If you can’t qualify for an auto loan on your own, a co-signer can seem like a lifesaver. It’s a huge burden for someone to take on — they’re assuming financial responsibility in the event you can’t make the car payments. But as time goes on, circumstances and relationships change. You may find yourself no longer needing or wanting the co-signer on your loan. Fortunately, you can remove them and this article explains how to do it.
Can you remove a co-signer from a car loan?
It is possible to remove a co-signer from a car loan. To do so, you will need to prove that you have improved your credit score since the time of the loan’s origination and demonstrate responsible payment habits as well as provide proof of sufficient income and financial resources to cover the loan payments on your own. Both the borrower and the co-signer must typically agree for the co-signer to be removed from the loan.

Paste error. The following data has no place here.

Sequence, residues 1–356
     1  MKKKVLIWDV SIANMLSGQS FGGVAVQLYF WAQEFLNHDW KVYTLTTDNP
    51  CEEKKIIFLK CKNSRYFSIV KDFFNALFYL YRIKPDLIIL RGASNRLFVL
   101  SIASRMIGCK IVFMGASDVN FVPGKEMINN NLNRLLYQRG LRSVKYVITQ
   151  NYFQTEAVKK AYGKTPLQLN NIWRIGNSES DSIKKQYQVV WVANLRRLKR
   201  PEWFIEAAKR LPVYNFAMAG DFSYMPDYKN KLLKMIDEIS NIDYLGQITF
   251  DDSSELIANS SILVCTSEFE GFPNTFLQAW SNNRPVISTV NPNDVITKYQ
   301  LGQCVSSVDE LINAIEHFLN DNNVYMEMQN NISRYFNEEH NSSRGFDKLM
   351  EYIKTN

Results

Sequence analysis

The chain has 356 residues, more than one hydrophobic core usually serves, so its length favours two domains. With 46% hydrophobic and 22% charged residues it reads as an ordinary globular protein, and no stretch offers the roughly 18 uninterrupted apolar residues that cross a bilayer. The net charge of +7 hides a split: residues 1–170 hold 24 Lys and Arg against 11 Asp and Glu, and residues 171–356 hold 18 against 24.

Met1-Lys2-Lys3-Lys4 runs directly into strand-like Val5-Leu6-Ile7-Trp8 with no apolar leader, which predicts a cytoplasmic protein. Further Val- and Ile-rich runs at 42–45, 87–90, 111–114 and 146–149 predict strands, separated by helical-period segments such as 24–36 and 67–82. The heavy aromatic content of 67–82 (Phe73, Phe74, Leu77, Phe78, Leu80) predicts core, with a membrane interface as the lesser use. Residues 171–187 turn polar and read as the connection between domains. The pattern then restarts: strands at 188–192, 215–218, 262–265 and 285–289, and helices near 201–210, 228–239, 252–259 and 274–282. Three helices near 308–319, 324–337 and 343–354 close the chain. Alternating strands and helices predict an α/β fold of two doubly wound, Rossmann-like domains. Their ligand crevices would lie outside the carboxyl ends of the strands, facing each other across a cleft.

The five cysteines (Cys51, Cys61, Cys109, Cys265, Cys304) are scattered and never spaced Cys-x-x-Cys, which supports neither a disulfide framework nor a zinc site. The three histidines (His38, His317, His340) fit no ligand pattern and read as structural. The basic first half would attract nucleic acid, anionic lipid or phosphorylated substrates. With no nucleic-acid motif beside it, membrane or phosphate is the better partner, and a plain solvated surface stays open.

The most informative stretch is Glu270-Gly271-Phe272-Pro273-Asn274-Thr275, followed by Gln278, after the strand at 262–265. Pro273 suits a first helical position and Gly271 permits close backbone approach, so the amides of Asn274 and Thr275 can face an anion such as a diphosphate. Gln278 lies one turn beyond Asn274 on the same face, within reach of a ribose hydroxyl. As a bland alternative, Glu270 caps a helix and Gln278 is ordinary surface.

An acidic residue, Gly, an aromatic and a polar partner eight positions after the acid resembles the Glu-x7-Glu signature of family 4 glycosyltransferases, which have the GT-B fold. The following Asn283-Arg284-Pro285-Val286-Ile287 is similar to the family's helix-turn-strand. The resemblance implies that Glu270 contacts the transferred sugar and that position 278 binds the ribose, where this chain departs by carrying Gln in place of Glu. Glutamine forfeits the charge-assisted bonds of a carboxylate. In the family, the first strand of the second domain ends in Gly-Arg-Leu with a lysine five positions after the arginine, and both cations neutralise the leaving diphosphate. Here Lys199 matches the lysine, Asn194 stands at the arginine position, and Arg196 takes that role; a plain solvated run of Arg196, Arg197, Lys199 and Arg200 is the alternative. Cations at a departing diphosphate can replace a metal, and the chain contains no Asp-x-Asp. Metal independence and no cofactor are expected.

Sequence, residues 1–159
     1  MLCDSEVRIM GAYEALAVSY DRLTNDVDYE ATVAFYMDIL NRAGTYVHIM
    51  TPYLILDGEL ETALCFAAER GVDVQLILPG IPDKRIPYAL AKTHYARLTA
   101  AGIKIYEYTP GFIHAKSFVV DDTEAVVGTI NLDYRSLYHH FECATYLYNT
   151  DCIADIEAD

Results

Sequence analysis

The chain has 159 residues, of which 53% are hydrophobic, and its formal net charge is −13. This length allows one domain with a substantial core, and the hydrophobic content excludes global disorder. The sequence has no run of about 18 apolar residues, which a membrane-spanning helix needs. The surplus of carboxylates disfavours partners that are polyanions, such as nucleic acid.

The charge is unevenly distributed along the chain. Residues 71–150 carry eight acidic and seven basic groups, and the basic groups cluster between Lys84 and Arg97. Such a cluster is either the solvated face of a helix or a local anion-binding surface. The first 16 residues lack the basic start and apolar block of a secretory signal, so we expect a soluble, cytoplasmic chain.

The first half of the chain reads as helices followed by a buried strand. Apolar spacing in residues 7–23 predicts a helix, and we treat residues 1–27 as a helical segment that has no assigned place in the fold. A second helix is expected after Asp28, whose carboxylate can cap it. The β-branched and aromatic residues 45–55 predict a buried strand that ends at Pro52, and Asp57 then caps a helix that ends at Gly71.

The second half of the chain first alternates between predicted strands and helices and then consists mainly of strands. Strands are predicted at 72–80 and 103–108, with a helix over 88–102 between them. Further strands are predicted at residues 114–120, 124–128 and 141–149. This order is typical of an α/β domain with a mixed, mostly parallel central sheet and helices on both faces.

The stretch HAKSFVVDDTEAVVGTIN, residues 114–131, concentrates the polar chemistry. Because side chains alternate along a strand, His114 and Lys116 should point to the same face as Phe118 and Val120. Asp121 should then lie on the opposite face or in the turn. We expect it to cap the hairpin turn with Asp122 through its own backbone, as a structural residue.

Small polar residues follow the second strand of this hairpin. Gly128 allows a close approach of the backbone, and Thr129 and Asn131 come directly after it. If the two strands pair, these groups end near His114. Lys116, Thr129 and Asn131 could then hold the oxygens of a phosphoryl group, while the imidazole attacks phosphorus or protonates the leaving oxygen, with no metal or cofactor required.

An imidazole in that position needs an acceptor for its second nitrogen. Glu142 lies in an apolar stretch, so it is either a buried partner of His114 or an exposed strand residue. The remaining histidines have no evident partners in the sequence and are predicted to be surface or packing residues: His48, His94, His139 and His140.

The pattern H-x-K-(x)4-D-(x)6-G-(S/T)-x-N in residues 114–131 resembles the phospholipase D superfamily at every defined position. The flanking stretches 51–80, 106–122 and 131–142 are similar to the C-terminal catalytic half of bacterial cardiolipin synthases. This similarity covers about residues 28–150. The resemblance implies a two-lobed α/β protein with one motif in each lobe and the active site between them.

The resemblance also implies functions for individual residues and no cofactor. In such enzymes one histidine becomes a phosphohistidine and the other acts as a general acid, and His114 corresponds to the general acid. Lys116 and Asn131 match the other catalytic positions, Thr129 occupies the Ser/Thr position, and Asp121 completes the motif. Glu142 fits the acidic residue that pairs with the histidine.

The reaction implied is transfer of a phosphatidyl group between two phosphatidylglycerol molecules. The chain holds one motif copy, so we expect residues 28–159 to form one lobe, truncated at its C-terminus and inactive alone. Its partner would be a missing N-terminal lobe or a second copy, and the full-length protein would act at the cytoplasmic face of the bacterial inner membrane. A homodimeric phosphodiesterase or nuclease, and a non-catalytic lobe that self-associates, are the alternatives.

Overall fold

Reasons to remove a co-signer from a car loan
Circumstances in life change. You may want to remove a co-signer for any number of reasons Here are a few of the most common.
Perhaps you and the co-signer are no longer in a place where you once were. It could be because of a romantic break-up, a falling out, or maybe somebody moves away and is no longer a big part of your life. Another common scenario is when teenagers grow up, and no longer need their parents’ help making car payments. In either case, the relationship has shifted to the point where it no longer makes sense to have a car loan together.
Because the co-signed loan will appear on their credit report, too, it might be necessary to remove the co-signer from your loan agreement. Because they are legally on the hook for the debt, it can raise their debt-to-income ratio and limit their capacity to secure financing on their own.